Every individual who visits the beach often enough is able to identify seaweed within the ocean or as it accumulates on the beach. However, researchers at Florida State University, working alongside their associates in the U.K., have discovered how these macro-algae plays a very significant role in the permanent elimination of CO2 from the surroundings.
Their study has been printed in Ecological Monographs.
After partnering with the U.K. Plymouth Marine Laboratory’s ecologists, the researchers inspected how seaweed carried out the process of absorbing, processing and then trapping carbon in the seafloor.
Sophie McCoy, the Assistant Professor of Biological Science, stated how seaweeds have long since been overlooked when compared with mangroves and seagrasses, which trap carbon from their biomass and also from sediments in their roots.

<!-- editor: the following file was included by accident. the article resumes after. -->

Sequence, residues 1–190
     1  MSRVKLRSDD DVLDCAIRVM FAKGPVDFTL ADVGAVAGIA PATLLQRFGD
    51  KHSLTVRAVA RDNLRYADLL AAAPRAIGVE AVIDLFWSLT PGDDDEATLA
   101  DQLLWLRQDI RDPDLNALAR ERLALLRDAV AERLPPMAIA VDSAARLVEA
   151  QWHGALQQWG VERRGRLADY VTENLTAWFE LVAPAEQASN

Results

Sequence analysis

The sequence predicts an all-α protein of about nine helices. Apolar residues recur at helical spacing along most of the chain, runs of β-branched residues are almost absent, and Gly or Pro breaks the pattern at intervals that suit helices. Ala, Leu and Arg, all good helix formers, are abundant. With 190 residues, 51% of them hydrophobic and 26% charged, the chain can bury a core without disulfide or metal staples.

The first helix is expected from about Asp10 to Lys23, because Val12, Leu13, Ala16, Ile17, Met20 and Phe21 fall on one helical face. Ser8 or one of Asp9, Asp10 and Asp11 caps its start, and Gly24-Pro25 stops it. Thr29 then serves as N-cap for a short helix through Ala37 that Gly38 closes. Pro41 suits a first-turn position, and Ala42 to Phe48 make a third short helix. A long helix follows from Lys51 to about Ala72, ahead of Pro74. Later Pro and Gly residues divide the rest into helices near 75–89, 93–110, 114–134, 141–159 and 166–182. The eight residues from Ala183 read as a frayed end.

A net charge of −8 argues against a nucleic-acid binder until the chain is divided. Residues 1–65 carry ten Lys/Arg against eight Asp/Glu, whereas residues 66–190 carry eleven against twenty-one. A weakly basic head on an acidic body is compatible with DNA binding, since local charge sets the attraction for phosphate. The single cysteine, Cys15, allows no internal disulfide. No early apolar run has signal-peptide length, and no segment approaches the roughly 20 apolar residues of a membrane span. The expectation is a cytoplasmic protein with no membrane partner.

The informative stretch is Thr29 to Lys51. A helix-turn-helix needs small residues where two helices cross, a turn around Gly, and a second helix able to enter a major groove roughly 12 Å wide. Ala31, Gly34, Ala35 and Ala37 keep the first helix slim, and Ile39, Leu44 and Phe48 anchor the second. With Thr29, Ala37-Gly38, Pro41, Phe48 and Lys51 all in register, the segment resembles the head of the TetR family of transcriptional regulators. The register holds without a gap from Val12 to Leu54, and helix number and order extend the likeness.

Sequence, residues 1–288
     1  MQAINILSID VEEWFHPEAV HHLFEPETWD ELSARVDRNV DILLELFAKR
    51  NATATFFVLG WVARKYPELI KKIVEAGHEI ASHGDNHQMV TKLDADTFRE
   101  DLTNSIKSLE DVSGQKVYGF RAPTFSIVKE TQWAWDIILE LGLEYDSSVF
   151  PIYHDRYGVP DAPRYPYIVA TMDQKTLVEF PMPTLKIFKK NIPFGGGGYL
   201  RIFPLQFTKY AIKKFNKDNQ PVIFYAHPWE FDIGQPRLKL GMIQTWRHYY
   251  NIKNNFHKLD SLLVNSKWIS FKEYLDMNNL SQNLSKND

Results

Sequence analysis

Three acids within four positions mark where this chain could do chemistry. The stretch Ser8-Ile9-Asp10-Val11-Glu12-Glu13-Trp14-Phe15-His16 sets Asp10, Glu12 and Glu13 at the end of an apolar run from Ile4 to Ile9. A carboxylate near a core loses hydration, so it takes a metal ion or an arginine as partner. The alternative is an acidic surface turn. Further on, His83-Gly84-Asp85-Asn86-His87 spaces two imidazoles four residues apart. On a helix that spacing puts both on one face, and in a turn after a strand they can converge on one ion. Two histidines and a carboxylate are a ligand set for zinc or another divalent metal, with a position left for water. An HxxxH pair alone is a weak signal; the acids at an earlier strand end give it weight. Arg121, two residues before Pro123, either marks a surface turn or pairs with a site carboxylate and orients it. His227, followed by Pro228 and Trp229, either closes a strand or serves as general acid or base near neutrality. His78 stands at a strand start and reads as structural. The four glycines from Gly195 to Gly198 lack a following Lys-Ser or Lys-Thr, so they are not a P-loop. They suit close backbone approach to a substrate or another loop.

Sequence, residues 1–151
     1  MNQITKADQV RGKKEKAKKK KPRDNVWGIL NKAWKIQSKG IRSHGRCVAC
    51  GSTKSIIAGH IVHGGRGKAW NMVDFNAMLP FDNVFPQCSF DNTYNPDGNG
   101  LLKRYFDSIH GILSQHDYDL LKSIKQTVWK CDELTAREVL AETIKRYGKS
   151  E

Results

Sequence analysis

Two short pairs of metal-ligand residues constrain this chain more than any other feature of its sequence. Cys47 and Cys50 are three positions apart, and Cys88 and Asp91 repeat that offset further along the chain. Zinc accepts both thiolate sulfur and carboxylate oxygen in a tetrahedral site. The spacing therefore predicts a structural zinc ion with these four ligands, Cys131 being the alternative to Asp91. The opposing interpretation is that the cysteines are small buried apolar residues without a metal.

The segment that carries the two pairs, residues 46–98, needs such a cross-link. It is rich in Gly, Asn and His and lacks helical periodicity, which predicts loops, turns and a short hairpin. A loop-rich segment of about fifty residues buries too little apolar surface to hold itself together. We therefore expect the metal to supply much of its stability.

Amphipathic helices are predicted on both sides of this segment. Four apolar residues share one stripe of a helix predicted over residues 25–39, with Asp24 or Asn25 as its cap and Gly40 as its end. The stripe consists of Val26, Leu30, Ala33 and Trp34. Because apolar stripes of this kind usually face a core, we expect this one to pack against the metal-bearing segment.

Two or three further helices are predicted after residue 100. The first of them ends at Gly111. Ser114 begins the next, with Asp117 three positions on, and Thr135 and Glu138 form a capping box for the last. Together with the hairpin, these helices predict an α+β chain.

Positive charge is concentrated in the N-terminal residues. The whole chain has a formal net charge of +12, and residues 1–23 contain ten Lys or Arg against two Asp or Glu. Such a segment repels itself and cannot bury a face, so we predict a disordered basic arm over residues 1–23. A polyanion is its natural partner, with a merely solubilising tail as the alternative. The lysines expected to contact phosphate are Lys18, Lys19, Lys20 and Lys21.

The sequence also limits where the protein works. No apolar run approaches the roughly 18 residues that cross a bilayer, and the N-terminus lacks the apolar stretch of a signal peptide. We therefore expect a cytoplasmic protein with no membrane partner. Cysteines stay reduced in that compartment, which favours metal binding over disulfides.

The carbon which is seized in marine systems through the process of photosynthesis and also by being trapped in the sea floor is known as blue carbon. By sequencing environmental genes and modeling stable isotope figures for more than a year, the researchers discovered that seaweed debris was a crucial portion of the food web for oceanic organisms, and also that most of the debris was finally kept in sediments or managed to enter the seafloor.
An investigator at the Florida State University’s Coastal and Maritime Laboratory, Jeroen Ingles, stated how the study did not only succeed in shedding light on seaweed’s contribution to the food web but also signified how the human acts that impact the seaweed and the sea floor are crucial to keeping a check on.
He concluded how this research indicates how seaweed and, consequently, benthic creatures can successfully contribute in a positive and impactful way, toward blue carbon.